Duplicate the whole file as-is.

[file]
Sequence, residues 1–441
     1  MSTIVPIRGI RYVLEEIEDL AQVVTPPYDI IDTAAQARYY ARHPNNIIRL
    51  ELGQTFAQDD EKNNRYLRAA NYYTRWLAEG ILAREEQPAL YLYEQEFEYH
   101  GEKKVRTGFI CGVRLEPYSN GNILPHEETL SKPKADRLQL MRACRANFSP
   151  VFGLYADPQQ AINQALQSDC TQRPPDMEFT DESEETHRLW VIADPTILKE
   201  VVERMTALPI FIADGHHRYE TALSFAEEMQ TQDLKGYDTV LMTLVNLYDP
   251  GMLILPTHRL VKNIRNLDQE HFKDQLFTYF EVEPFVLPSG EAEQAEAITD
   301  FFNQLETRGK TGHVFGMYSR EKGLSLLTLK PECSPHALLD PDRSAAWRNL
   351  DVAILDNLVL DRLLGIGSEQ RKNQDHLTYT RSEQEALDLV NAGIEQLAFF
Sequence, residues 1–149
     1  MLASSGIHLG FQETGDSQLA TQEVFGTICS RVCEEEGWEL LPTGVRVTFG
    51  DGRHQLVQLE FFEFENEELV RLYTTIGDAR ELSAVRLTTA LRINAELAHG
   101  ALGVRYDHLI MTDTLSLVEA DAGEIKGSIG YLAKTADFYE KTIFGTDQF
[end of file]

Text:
Sequence, residues 1–441
     1  MSTIVPIRGI RYVLEEIEDL AQVVTPPYDI IDTAAQARYY ARHPNNIIRL
    51  ELGQTFAQDD EKNNRYLRAA NYYTRWLAEG ILAREEQPAL YLYEQEFEYH
   101  GEKKVRTGFI CGVRLEPYSN GNILPHEETL SKPKADRLQL MRACRANFSP
   151  VFGLYADPQQ AINQALQSDC TQRPPDMEFT DESEETHRLW VIADPTILKE
   201  VVERMTALPI FIADGHHRYE TALSFAEEMQ TQDLKGYDTV LMTLVNLYDP
   251  GMLILPTHRL VKNIRNLDQE HFKDQLFTYF EVEPFVLPSG EAEQAEAITD
   301  FFNQLETRGK TGHVFGMYSR EKGLSLLTLK PECSPHALLD PDRSAAWRNL
   351  DVAILDNLVL DRLLGIGSEQ RKNQDHLTYT RSEQEALDLV NAGIEQLAFF
Sequence, residues 1–149
     1  MLASSGIHLG FQETGDSQLA TQEVFGTICS RVCEEEGWEL LPTGVRVTFG
    51  DGRHQLVQLE FFEFENEELV RLYTTIGDAR ELSAVRLTTA LRINAELAHG
   101  ALGVRYDHLI MTDTLSLVEA DAGEIKGSIG YLAKTADFYE KTIFGTDQF